Mount Rainer's renowned wildflowers bloom for a limited amount of time every year. The "peak" bloom for wildflowers is heavily dependent on weather and precipitation patterns, so accurate predictions are difficult. In most years, many flowers will be blooming by mid-July, and by the first of August the meadows should be very impressive. Frost can occur by late August, but even after light frosts the meadows continue to be very beautiful, thanks to changing leaf colors and seed pod development that take the place of colorful blossoms.
For a better idea of what the wildflowers are doing this year, please see the Currently Blooming section below, which summarizes what's blooming where.
Wildflower Guide - Unfamiliar with Mount Rainier's wildflowers? Photos and brief descriptions of some of the common wildflower species can be found in the park's online wildflower guide.
Currently Blooming - Updated July 22, 2016 Subalpine meadows like Spray and Seattle Park are reported to have a great diversity of wildflowers beginning to bloom from early season avalanche and glacier lilies to penstemon and paintbrushes. This is also a good year for tiger lilies, which are blooming widely across the park. Tiger lilies take three to five years to mature and begin blooming, with distinctive drooping yellow flowers with dark spots.
Sunrise (7/7) - western spring beauty, valerian, magenta paintbrush, harsh paintbrush, glacier lily, avalanche lily, penstemon, speedwell, cinquefoil, buttercup, marsh marrigold, pasqueflower, pink heather, bracted lousewort, American bistort, broadleaf lupine, cascade aster, Lewis monkeyflower (White River), low and elegant jacob's ladder, tall bluebells, mountain monkeyflower (Fremont), partridge foot, smooth mountain dandelion, spreading phlox, subalpine buckwheat, western columbine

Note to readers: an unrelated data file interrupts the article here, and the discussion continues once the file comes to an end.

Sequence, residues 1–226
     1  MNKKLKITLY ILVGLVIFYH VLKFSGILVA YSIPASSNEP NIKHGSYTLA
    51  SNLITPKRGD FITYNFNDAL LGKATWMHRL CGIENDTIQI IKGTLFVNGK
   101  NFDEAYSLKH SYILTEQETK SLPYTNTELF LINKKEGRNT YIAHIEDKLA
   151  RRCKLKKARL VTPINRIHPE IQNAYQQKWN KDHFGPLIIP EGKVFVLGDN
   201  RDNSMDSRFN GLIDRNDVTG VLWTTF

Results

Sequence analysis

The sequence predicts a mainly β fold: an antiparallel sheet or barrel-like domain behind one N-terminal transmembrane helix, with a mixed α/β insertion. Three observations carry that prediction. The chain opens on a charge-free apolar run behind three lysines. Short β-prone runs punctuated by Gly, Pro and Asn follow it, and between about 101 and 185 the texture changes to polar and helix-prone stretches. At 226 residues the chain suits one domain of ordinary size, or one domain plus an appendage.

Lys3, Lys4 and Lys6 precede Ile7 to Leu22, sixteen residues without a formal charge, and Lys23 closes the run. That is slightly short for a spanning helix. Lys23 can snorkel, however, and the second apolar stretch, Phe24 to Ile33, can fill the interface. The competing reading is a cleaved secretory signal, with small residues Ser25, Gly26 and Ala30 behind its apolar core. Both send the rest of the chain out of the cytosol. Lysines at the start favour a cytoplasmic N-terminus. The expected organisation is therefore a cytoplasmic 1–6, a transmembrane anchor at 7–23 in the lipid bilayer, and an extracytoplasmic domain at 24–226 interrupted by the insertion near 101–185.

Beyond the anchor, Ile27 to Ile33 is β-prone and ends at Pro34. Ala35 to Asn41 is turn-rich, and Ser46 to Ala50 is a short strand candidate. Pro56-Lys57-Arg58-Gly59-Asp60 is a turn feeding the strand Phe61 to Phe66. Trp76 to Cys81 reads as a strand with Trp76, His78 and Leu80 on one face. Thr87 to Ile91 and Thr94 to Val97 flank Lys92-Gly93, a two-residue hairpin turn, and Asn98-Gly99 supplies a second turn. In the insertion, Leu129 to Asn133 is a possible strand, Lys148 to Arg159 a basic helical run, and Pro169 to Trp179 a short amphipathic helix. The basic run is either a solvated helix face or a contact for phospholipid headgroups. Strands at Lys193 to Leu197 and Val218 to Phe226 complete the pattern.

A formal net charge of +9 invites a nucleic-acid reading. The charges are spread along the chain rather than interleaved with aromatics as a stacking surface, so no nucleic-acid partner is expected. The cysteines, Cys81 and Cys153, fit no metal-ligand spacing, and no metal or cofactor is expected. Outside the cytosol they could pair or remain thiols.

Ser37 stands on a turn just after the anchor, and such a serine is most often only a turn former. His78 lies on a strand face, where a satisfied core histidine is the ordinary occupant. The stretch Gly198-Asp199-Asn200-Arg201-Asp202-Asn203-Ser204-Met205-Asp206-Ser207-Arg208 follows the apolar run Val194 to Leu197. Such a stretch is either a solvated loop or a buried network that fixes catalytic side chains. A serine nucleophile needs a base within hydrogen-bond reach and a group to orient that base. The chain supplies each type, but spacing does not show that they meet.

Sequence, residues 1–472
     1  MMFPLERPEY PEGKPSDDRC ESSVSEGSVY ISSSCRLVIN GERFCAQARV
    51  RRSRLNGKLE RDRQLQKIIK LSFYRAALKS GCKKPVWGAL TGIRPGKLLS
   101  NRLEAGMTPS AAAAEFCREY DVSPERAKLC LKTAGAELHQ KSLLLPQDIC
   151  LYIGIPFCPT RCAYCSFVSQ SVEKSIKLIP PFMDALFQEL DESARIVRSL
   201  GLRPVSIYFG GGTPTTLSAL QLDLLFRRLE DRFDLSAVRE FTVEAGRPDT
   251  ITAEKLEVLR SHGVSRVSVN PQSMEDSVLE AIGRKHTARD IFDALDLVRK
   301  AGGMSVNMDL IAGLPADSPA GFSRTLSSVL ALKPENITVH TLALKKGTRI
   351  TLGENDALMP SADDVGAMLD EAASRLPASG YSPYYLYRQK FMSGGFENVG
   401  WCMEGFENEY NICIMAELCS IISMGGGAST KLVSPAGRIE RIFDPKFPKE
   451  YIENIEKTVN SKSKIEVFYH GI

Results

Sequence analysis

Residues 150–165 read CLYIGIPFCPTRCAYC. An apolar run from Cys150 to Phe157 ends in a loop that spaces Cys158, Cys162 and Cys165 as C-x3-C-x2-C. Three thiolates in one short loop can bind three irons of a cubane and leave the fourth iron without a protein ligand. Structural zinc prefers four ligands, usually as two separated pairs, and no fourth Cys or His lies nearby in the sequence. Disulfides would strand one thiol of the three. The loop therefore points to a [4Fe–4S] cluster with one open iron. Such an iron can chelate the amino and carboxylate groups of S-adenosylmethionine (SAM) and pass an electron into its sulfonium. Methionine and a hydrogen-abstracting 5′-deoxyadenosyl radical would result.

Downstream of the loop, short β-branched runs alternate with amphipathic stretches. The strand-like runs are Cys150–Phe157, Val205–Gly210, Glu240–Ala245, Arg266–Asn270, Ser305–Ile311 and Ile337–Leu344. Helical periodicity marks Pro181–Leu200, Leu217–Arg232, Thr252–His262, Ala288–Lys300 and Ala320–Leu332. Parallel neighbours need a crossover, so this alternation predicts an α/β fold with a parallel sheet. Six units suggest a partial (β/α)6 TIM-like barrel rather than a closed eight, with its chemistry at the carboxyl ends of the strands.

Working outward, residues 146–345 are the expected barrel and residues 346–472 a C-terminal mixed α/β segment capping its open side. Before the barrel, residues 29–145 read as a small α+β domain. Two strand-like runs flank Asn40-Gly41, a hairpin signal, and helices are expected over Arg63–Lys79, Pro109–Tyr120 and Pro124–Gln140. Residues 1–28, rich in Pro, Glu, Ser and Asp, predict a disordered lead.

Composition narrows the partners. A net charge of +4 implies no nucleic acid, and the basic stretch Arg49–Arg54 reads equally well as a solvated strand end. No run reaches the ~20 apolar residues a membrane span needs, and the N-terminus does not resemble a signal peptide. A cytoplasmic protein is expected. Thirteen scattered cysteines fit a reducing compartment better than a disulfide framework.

The photos featured here are usually taken by park staff and volunteers from all over the park. Share your own wildflower photos in the Mount Rainier Flickr group! Higher resolution versions of wildflower photos are available on Mount Rainier's Flickr page.
Plan Your Visit
Paradise andSunrise are two of the main visitor center areas at Mount Rainier National Park. Both areas are well known for their impressive wildflower meadows. The park also maintains dozens of trails perfect for wildflower viewing.
(360) 569-2211 Callers to this general park line can choose from a menu that includes recorded information as well as opportunities to talk to a ranger at one of the park's administration or visitor centers. Rangers are only available to answer calls during business hours.